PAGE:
7. 2 Jerome’s Position on Pilgrimage: Vacillating between Support and Reservations
    (pp. 65-105)

    In the winter of 385, Jerome arrived in Palestine accompanied by several monks and upper-class enthusiastic female ascetics, leaving behind in Rome a trail of anger and criticism directed toward his monastic way of life and his intellectual activity there. The full reasons for his departure from Rome are obscure. The asceticism of the Roman aristocratic circle of ladies surrounding him, and especially his close relationship with Paula, who had been his traveling companion on his long pilgrimage to Palestine and Egypt, had evoked sharp criticism during his second stay in Rome (382–85).¹ It is probable that he was...

  8. 3 Augustine on Holy Space
    (pp. 106-139)

    In any attempt to understand the reactions of Christian intellectuals to the phenomenon of pilgrimage in late antiquity, Augustine (354–430) presents more difficulty than any other figure. The main reasons for this difficulty are the absence in his wide-ranging literary works of any direct reference to the phenomenon and the lack of evidence that he visited any of the pilgrimage centers of the time, such as Rome or Jerusalem. Unlike other thinkers from the Latin-speaking West, Augustine never hinted that he desired to undertake such a visit. Paulinus of Nola, for example, Augustine’s friend and correspondent, did consider the...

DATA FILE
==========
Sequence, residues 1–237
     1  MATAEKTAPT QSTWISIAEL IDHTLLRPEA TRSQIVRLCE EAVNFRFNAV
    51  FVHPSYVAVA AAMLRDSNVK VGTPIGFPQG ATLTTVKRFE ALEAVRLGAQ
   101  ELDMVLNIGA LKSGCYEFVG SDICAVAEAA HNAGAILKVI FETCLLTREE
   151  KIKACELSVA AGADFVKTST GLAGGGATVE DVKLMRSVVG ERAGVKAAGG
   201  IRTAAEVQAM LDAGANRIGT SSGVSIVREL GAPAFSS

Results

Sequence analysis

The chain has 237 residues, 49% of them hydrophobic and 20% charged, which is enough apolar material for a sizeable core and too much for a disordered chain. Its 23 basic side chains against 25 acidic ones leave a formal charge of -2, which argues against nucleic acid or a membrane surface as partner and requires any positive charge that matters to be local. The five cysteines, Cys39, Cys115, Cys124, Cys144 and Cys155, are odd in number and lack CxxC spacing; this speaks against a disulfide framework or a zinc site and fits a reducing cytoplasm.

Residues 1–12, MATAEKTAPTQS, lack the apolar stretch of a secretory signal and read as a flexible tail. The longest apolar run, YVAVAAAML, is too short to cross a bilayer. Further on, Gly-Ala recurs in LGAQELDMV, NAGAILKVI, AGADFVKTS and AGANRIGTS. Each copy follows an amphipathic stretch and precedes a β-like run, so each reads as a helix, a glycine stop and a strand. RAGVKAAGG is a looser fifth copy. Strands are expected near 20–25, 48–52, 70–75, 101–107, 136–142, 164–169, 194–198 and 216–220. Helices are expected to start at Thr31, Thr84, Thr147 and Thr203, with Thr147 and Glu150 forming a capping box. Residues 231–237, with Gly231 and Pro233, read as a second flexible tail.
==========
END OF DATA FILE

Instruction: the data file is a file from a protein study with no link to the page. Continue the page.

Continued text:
9. 4 Pilgrimage in Monastic Culture
    (pp. 140-183)

    Pilgrimage in late antiquity was widespread in all strata of society in the Christian world, especially among monks and nuns.¹ The monastic literature of fourth-century Egypt, Syria, Palestine, and Asia Minor abounds in descriptions of monks who journeyed to the holy places in Palestine. Egeria’sItineraryand Jerome’s letters in the 380s are good examples. Jerome grumbles that his monastery in Bethlehem is overwhelmed with monks from all over the world.² But the tombs of martyrs and holy men—that is, “Heaven’s family on earth,” in the words of Jerome—exerted no less appeal than did the holy places associated...

  10. 5 Local versus Central Pilgrimage
    (pp. 184-206)

    The above declaration by Philoxenus (440–523), bishop of Mabbug, a leading thinker of the anti-Chalcedonian Church and one of the most admired figures among the Syrian monks, expresses concisely the dilemma in monastic circles concerning pilgrimage to Jerusalem and the rivalry between the two foci of pilgrimage: the holy places in the Holy Land and the new network of holy sites consisting of monasteries and tombs of holy men.¹

    The comparison between visiting a monastery and visiting Jerusalem that Philoxenus addresses here, in a letter to a certain Astorkius, may seem surprising at first glance. But given that Philoxenus...

  11. Bibliography
    (pp. 207-238)
  12. General Index
    (pp. 239-246)
  13. Index of Places
    (pp. 247-248)
  14. Index of Biblical Citations
    (pp. 249-250)